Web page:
Now let’s consider the media. Certainly, The NY Times and a few other newspapers lean to the left. But the Wall Street Journal, the Arizona Republic and many others lean to the right. That said, though their editorial columns may be partisan, most try to be impartial in reporting the actual news. Talk radio is almost exclusively right-wing…Rush Limbaugh, Alex Jones, Sean Hannity, Mark Levin…angry, screaming right-wing. Indeed, within a few years of the end of the Fairness Doctrine, talk radio was already more than 90 percent conservative.

With regard to television, the conservative Sinclair Broadcast Group is one of the nation’s largest media owners. It recently ordered its local news broadcasts to advance the conservative agenda. On satellite and cable, Fox News Channel has long acted as a megaphone for the Republican party. The lower-rated MSNBC was somewhat split. It’s prime-time devoted to liberals and the morning to conservatives. In between, it was impartial. And it’s moving farther right. ABC, CBS, CNN, NBC and PBS try to maintain neutrality, although their Sunday morning news programs are dominated by conservative guests.

That leaves the Internet, aka social media. There are so many Internet “news” sites, it is very difficult to make a comparison. But, if you use fake news as a determining criteria, the Internet is decidedly right-wing. The best way for me to explain is to use anecdotal evidence from Paul Horner the “King of Fake News” who appeared on a radio show I occasionally help moderate. Horner is a comedian and satirist. As such, he began writing satirical news stories during the past presidential election. He began by creating stories that would appeal to both sides. But he quickly discovered that stories aimed at liberals garnered few clicks and little money. The problem is that they would fact check his stories. Conservatives, on the other hand, bought his nonsense hook, line and sinker. As a result, almost all of his fake news was conservative. (You can listen to the interview by following this link.)

Want more evidence? Visit Breitbart “News” or any other right-wing website. Then do some fact checks.

That is not to say there aren’t some highly partisan, disgustingly angry websites, tweets and Facebook posts from the left. But there are fewer of them and even fewer of them promote violence.

Let’s Not Over-Analyze Trump’s Victory.

Despite the blame being heaped onto the Clinton campaign and the Democratic Party, I believe it was never a fair contest. Hillary was outgunned by a biased media; by a partisan FBI director; and by Russian interference. But even without those things, Hillary may have fallen victim, as did Trump’s primary opponents, to the cultural changes that have taken place over the past five decades.

Those who voted for Trump simply wanted to throw a live grenade into Washington without regard for the aftermath. They have been enticed by a right-wing ideology that has destroyed respect for America’s greatest institutions – the federal government, the court system, traditional news media, science, and public education.

Contrary to popular belief, Trump voters were not merely blue collar workers who are struggling as the result of globalization. In fact, many of Trump’s supporters are comfortably retired, or are quite wealthy. These people were driven to vote for Trump out of the fear that they will lose their power and wealth to immigrants and people of color. Indeed, for many, President Obama was the embodiment of that fear.

Certainly, there is also the rural-urban divide that has been much discussed. But that is based on economic conditions that no president or administration can easily solve. It has followed the demise of the family farmer. Since the 1960’s, the size of farms has grown by ten-fold. As a consequence, there are far fewer people to shop in small towns.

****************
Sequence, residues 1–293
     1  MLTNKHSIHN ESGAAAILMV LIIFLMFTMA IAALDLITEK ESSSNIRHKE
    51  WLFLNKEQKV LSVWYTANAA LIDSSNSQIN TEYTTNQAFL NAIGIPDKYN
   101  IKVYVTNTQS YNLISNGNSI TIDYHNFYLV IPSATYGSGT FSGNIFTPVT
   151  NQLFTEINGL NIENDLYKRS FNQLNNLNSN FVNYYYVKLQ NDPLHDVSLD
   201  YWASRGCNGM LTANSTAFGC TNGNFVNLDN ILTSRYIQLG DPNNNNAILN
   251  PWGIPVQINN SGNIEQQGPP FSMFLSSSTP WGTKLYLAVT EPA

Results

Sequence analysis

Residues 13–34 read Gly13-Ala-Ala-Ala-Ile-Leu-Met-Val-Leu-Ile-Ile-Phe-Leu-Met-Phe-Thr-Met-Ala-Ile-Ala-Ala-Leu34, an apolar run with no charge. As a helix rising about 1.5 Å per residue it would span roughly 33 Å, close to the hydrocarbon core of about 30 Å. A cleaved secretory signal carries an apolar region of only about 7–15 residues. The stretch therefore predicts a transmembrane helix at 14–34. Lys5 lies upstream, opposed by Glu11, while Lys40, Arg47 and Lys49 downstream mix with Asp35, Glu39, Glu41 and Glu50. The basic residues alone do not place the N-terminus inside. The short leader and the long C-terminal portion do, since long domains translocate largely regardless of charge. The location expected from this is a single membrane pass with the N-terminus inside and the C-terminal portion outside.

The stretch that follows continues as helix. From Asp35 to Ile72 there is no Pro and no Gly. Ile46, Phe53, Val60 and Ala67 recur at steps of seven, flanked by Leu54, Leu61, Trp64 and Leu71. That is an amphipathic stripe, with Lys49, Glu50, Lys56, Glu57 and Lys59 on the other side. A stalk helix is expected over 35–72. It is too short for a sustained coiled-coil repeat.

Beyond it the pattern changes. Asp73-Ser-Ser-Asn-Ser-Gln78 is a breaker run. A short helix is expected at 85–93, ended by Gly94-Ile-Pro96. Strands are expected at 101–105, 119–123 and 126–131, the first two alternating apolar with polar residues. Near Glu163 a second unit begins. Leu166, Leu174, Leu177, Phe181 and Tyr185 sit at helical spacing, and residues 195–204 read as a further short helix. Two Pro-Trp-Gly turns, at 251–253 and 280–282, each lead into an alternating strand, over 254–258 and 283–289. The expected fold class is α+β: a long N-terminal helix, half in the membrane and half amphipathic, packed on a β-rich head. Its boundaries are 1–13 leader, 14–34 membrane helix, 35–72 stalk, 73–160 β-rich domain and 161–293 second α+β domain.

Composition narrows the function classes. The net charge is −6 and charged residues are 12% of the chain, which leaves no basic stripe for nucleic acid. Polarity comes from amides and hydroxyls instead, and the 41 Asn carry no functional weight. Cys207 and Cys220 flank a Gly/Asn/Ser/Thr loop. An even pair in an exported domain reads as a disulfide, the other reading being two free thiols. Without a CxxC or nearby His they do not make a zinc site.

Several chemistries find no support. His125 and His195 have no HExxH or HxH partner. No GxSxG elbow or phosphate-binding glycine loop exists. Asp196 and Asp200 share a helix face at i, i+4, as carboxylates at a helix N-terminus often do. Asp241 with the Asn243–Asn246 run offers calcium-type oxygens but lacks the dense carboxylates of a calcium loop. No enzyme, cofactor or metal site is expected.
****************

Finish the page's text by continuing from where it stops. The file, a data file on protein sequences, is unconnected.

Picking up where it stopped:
In addition, franchise organizations and large box stores like Walmart, which are subsidized by governments, have used predatory pricing to hollow out the retail centers of small and medium-sized towns. That means there are far fewer independent retailers, and far fewer small-town jobs that pay a living wage.

At the same time, robots have replaced human workers in auto plants and other manufacturing plants.

Those who once worked in rural communities and mid-size cities have been left with a choice: Either continue to struggle, or give up the only lifestyle they have known and move to the large urban centers. These people are angry…at their former employers, at their government, and at what they see as the urban “elites” who seem to be do doing much better than they are.

Obviously, their anger is misplaced. But they have fallen victim to the new GOP’s message of fear – fear of those they don’t know and don’t understand. And their fear is driven by Republican propaganda on Fox News; on right-wing radio; on Breitbart News; on social media. During this past election, they were also deluded by a plethora of fake news sites – many of them financed by Putin’s Russia.

Addressing their anger and their plight will not be easy. Jobs lost to corporate farms, big box stores and robots will not be coming back. And adding tariffs to goods from our international trading partners, as Trump suggests, will only make matters worse by increasing the cost of the goods they need.

No president can wave a wand and bring back family farms and restore small towns to their former glory. That would take an act of Congress to end subsidies for corporate farms; to make multinational corporations pay their fair share of taxes; to make the wealthy pay their share of income taxes. But those things are anathema to those who now control Congress and the White House. Instead, they are committed to trickle-down economics on steroids – an economic theory that has never worked.

Given that reality, it seems likely that the new government will have to distract their angry rural supporters by creating a diversion. It’s likely they will try to re-focus the anger toward immigrants; toward Muslims; toward Planned Parenthood.

Oh wait! They’ve already done that. That’s how they got elected to begin with!